Daisy lived her life for others and without her written history of the Clough family we would have been lost in time.
Thank you very much Daisy.

The granite blocks used for a guard fence around the lot had to be removed and reset as they had tipped and fallen. Heavy work. How did they do it with just oxen?

The cast iron fence had been severly damaged requiring removal to my shop and many hours of extensive welding. We brought it back, assembled, straightened, leveled and secured it. After 4 coats of paint the fence came out quite nice. One 12 ft. section is missing. I hope to someday find a suitable replacement.

Memorial Day had arrived, the cemetery was now carpeted with Lily of the Valley and we placed a flowering plant on every grave. The cemetery transformation was fitting for this holiday.

Over the last 165 years I do not believe the grave stones had been cleaned. They were stained dark gray. We now had all the stones plumbed - it was time to start cleaning them. After researching the proper procedure for cleaning grave stones the work began. Hours were spent spraying, brushing and LOTS OF ELBOW GREASE.........why it would take us another 165 years and they might look half good. Time to hire a professional. Horace Stevens arrived with his secret cleaning solution and power washer. I could not believe under the years of sludge was beauty.
The following pictures speak for themselves:

(BEFORE)____________________________(AFTER)

I placed stones (above) and had grave markers made (below) at Staples Funeral Home for all of the unmarked graves.The above picture shows Caroline, Ira's second wife, and their two children Frankie and Etta. They are to the left of Ira's grave.

Susanna's grave site location was the only one not identified on the schematic, but Daisy's journal does substantiate she is buried in the cemetery. It would almost stand to reason she would have probably been beside her mother so her marker is placed to the left of Mary.

THE GATE

We were very lucky to find the original gate. Although badly damaged, we managed to rebuild it. The scroll on top of the gate reads "ISAIAH CLOUGH - 1875". Isaiah died in 1865. Mary or their children must have had this made in his memory.

A security system was installed and this completes the re-creation of the Clough Cemetery......for now. After the improvements made in the cemetery we are hopeful the town will accept it under perpetual care.

If my family ancestors are looking down upon this cemetery, I hope they are happy with the results of the efforts to resurect this hallowed ground. Now I can see why this spot was picked for these 30 resting souls.

Susanna Clough
Daughter of Isaiah & Mary
B-8/22/1813
D-8/23/1821 - 8y 1d

Tobias Clark Clough
Son of Isaiah & Mary
B-6/27/1818
D-10/9/1845 - 27y 3m 12d

Orrin S. Clough
Son of Isaiah & Mary
B-6/19/1833
D-11/22/1845 - 12y 5m 2d

Emily Ann Clough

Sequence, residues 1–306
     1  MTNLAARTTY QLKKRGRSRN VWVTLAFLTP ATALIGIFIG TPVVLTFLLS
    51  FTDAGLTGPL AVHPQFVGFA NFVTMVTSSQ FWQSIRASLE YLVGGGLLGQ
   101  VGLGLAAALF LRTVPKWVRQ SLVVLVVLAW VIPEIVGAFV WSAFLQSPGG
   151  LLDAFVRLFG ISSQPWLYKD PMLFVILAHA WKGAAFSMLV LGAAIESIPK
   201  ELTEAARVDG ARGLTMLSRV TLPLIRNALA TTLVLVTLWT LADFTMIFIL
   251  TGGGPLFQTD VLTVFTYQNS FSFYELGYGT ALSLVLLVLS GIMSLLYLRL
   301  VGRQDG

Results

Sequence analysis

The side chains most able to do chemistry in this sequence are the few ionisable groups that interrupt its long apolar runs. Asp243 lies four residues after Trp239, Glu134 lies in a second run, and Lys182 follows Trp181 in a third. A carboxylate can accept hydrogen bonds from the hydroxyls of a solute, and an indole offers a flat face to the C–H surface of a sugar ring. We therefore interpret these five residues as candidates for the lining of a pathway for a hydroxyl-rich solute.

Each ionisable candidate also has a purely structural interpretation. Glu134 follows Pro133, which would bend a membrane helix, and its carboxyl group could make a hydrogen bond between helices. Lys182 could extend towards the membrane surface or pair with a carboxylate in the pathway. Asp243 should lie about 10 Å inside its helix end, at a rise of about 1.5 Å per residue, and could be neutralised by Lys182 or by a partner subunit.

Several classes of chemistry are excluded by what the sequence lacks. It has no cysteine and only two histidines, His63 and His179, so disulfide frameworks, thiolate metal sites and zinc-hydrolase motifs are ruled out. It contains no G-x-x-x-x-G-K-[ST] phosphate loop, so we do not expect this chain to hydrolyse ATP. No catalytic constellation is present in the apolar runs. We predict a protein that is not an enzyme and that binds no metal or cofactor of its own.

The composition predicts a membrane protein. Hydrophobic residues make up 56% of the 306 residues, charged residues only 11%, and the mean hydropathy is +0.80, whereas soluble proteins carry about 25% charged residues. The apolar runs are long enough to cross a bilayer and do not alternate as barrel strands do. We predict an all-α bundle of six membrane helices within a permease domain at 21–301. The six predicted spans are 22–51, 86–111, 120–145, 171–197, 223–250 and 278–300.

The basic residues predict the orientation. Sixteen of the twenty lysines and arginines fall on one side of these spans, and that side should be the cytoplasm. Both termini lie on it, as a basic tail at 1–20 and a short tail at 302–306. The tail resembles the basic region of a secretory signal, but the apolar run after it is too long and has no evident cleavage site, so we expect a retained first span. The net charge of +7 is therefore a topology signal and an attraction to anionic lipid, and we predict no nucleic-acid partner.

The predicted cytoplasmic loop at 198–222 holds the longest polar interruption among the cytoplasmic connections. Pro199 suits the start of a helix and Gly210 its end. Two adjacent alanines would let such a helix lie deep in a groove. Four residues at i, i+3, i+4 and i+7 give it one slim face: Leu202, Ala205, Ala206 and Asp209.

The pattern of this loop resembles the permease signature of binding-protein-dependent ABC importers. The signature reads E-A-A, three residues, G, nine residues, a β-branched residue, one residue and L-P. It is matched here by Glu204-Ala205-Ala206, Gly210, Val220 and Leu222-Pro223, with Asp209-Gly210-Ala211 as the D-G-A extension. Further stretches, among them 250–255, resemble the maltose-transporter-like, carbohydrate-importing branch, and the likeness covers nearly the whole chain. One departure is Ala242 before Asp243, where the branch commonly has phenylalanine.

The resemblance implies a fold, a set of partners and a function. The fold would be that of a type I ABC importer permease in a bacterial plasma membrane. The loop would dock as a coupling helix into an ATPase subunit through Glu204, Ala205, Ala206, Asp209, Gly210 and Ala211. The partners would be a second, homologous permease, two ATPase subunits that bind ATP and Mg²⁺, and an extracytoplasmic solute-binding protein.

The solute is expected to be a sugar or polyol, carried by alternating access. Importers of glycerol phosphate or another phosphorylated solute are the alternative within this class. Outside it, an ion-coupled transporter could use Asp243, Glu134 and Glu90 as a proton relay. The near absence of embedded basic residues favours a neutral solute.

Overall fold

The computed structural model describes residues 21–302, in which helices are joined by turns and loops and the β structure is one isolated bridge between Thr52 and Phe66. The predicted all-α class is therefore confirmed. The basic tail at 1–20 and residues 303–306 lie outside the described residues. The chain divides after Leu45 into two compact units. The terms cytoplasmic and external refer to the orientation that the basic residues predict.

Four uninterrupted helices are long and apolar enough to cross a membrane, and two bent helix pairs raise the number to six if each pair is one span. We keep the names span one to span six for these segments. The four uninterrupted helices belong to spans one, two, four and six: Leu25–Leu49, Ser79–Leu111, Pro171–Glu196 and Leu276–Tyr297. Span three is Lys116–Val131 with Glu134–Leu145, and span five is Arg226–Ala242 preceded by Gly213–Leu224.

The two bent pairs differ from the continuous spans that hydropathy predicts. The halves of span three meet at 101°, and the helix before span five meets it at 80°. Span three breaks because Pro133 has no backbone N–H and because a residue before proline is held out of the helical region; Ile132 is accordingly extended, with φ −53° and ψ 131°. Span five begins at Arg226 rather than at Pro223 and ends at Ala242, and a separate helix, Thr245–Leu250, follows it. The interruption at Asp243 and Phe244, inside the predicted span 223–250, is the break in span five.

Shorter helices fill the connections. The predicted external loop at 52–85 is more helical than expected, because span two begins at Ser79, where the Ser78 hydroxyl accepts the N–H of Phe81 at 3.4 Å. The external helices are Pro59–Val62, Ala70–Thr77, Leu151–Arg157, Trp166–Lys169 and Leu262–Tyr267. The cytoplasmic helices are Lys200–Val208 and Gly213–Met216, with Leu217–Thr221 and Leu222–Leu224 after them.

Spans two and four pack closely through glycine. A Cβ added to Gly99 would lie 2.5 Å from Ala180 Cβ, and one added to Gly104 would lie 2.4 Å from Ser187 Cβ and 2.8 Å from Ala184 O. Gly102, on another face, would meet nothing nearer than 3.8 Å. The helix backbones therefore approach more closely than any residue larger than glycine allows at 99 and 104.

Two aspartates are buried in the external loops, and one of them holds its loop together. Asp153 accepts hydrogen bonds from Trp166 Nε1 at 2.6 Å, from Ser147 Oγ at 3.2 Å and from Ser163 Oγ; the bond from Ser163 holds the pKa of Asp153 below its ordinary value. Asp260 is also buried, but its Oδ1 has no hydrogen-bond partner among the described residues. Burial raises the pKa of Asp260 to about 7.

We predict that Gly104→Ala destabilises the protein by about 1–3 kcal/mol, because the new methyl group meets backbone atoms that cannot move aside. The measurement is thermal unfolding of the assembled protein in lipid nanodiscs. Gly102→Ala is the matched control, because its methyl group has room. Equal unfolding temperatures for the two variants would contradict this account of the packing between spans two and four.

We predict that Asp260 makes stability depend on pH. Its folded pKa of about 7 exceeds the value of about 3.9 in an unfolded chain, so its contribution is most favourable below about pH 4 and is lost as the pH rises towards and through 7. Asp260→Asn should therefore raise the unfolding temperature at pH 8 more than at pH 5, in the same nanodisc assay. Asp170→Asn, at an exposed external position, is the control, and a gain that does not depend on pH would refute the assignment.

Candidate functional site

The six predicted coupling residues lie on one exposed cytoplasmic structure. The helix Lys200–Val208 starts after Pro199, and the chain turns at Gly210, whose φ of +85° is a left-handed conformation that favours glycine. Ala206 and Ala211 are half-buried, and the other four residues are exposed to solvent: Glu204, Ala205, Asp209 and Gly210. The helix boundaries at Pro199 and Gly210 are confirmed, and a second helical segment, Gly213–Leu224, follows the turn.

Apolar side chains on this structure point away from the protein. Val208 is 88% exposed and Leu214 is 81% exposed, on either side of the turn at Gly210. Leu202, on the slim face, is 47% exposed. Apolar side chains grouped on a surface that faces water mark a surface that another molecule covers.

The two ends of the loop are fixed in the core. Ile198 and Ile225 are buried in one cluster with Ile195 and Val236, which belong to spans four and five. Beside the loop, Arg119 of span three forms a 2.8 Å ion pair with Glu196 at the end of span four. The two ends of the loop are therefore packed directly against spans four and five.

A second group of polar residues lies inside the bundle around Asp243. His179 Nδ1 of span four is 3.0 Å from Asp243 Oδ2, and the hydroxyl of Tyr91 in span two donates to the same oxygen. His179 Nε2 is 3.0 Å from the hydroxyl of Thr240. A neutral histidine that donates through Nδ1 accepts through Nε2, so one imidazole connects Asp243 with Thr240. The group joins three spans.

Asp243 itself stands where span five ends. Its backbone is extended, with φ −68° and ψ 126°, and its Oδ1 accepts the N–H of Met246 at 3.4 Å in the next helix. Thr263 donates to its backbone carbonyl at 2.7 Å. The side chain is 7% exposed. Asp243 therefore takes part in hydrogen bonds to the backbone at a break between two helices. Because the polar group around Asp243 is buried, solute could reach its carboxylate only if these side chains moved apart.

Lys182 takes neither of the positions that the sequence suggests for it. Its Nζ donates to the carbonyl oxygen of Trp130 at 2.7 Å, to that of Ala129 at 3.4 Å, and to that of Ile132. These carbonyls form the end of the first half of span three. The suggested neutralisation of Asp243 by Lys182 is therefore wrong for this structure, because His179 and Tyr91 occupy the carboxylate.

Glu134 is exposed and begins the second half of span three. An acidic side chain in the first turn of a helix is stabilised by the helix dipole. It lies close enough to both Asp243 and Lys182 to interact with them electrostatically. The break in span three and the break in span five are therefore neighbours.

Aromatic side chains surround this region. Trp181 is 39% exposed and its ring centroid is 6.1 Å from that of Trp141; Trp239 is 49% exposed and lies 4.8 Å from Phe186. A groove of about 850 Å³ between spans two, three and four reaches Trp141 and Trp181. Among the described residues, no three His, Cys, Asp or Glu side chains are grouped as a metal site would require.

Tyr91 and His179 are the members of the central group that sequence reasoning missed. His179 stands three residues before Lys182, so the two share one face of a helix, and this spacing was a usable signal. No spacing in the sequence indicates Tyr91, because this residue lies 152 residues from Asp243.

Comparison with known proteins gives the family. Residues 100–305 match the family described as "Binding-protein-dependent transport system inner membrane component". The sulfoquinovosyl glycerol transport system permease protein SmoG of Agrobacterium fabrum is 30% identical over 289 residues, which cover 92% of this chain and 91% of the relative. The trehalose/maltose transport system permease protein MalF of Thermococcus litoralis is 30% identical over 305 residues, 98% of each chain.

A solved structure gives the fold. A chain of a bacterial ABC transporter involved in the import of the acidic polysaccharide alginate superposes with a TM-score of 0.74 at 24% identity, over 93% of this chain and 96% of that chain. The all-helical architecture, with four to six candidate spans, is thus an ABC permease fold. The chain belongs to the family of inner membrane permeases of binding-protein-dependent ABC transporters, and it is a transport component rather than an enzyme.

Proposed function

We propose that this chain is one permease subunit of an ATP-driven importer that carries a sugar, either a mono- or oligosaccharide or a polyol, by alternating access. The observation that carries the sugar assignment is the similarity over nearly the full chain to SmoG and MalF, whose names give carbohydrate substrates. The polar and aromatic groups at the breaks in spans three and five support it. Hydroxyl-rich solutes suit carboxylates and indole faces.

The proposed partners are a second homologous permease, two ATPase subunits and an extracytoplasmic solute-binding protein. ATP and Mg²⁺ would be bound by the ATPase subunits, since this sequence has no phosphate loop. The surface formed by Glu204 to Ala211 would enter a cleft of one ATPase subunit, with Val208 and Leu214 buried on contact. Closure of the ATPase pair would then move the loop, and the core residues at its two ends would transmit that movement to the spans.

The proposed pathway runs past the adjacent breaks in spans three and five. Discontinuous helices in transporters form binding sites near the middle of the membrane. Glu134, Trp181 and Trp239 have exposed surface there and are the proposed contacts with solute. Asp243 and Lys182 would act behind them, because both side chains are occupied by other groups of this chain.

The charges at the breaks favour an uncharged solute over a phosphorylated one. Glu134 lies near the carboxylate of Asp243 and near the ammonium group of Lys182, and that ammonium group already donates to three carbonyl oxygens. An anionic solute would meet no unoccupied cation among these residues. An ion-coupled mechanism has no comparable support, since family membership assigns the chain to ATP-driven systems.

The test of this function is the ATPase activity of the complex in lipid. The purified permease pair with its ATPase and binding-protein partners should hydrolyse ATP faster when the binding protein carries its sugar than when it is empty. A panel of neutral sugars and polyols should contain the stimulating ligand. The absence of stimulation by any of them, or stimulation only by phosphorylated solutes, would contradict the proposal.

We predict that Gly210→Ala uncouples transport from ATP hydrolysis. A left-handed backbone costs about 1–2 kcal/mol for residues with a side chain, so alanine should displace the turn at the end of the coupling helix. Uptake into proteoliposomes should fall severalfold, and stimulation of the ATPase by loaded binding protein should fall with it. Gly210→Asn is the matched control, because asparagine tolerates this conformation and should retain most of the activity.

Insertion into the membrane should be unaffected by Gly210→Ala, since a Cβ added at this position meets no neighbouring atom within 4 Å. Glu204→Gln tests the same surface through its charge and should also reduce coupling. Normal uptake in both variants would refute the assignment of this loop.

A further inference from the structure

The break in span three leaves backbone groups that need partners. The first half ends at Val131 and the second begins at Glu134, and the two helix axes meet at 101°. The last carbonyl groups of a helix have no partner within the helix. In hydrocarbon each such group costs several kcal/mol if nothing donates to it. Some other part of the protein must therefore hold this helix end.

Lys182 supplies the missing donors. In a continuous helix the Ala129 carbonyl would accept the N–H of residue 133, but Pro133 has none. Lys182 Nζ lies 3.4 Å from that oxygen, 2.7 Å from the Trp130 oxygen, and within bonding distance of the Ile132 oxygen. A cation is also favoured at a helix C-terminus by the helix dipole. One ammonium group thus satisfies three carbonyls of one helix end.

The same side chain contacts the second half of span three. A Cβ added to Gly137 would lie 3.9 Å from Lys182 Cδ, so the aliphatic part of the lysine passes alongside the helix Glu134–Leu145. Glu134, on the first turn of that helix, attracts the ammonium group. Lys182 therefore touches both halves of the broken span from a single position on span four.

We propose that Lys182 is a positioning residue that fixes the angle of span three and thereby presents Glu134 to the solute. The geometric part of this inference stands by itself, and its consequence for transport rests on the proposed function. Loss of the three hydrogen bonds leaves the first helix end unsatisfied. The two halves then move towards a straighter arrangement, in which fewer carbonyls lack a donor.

Daughter of Ira & Mary J. Clough
D-5/26/1846 - 8y

Sarah C. Estes Clough Hall
Mother of Isaiah
B-5/3/1752
D-12/4/1848 - 96y 8m

Greenleaf H. Clough
Son of Isaiah & Mary
B-7/16/1829
D-10/1/1850 - 21y 2m 18d

Alpheus Clough
Son of Isaiah & Mary
B-9/28/1827
D-10/6/1853 - 26y 8d

Mary Jane Clough
Wife of Ira
D-9/19/1855 - 43y

Isaiah Clough
B-1/7/1789 Durham, ME
D-9/12/1865 - 76y 8m

Delia F. Clough
Daughter of Ira & Mary
D-4/11/1866 - 23y 7m

Vesta Ann Dyer Clough
Wife of Charles O.
D-3/27/1867 - 38y 7m 3d

Ulysses Lincoln King
Son of Artis King & Sarah Matilda Clough King
D-2/8/1869 - 11m

Augusta E. Clough
Daughter of Ira & Mary Jane
B-10/9/1849
D-7/19/1870 - 20y 9m 16d

Frankie Clough
Son of Ira & Caroline
D-1875

Etta Clough
Daughter of Ira & Caroline
D-1875

Mary Haskell Clough
Wife of Isaiah
D-9/1/1880 - 90y

Ira Clough
Son of Isaiah & Mary
Husband of Mary Jane & Caroline French Clough
B-8/28/1811
D-6/6/1886

Cordelia C. Hathorn
Daughter of Isaiah & Mary
Wife of Rev. Samuel Hathorn
B-2/4/1816
D-7/5/1886 - 70y 5m

Marinda Clough Trask
Daughter of Isaiah & Mary
Wife of Leander Trask (not in Clough Cemetery)
B-5/17/1825
D-9/12/1890 - 65y 4m

Artis Lincoln King
Husband of Sarah Matilda Clough King
B-11/21/1841
D-2/1891

Leslie Hopkins
Son of Benjamin Hopkins & Emma Jane Clough Hopkins
D-5/20/1904 - 42y 8m 20d

Charles Osborn Clough (C.O. Clough)
Son of Isaiah & Mary
Husband of Vesta Ann Dyer Clough
B-10/16/1820
D-11/7/1908

Benjamin Hopkins
Husband of Emma Jane Clough Hopkins
B-6/1/1830
D-12/1/1908 - 78y 6m

Caroline French Clough
2nd wife of Ira
B-1/24/1831
D-3/9/1910

G.H. Clough (Greenleaf Hartwell)
Son of Charles O. & Vesta Ann Clough
Husband of Rose King Clough
Father of Charles R.
B-10/3/1852
D-5/14/1918

Emma Jane Clough (Hopkins)
Daughter of Isaiah & Mary
Wife of Benjamin Hopkins
B-5/23/1831
D-1/17/1922 - 90y 7m 25d

Sarah Matilda Clough King
Daughter of Isaiah & Mary
Wife of Artis Lincoln King
B-6/25/1835
D-12/6/1926

Rose Adelia King Clough
Daughter of Artis & Sarah Matilda Clough King
Wife of G.H. Clough (Greenleaf Hartwell)
Mother of Charles R.
B-
D-

Charles R. Clough
Son of Greenleaf & Rose Adelia King Clough
B-4/15/1905
D-12/22/1989

Baby Hartwell Jackson
Son of Dr. Amos Messer Jackson
B-Unknown
D-Unknown

Scott Jay Clough
Son of Donald I. Clough
B- 3/5/56
D- 12/23/62

What a beautiful, peaceful place for eternal rest!

The picture above is Don Clough the restorer of the Clough Cemetery. His lineal ancestry line being his father Irving Clough,
his Grandfather Melvin Clough, his Great Grandfather Rufus Clough and his Great Great Grandfather Isaiah Clough
builder & designer of Clough Cemetery.

Don Clough

519 High St.

West Gardiner, ME 04345

207-582-1212

  EMail Me: Don Clough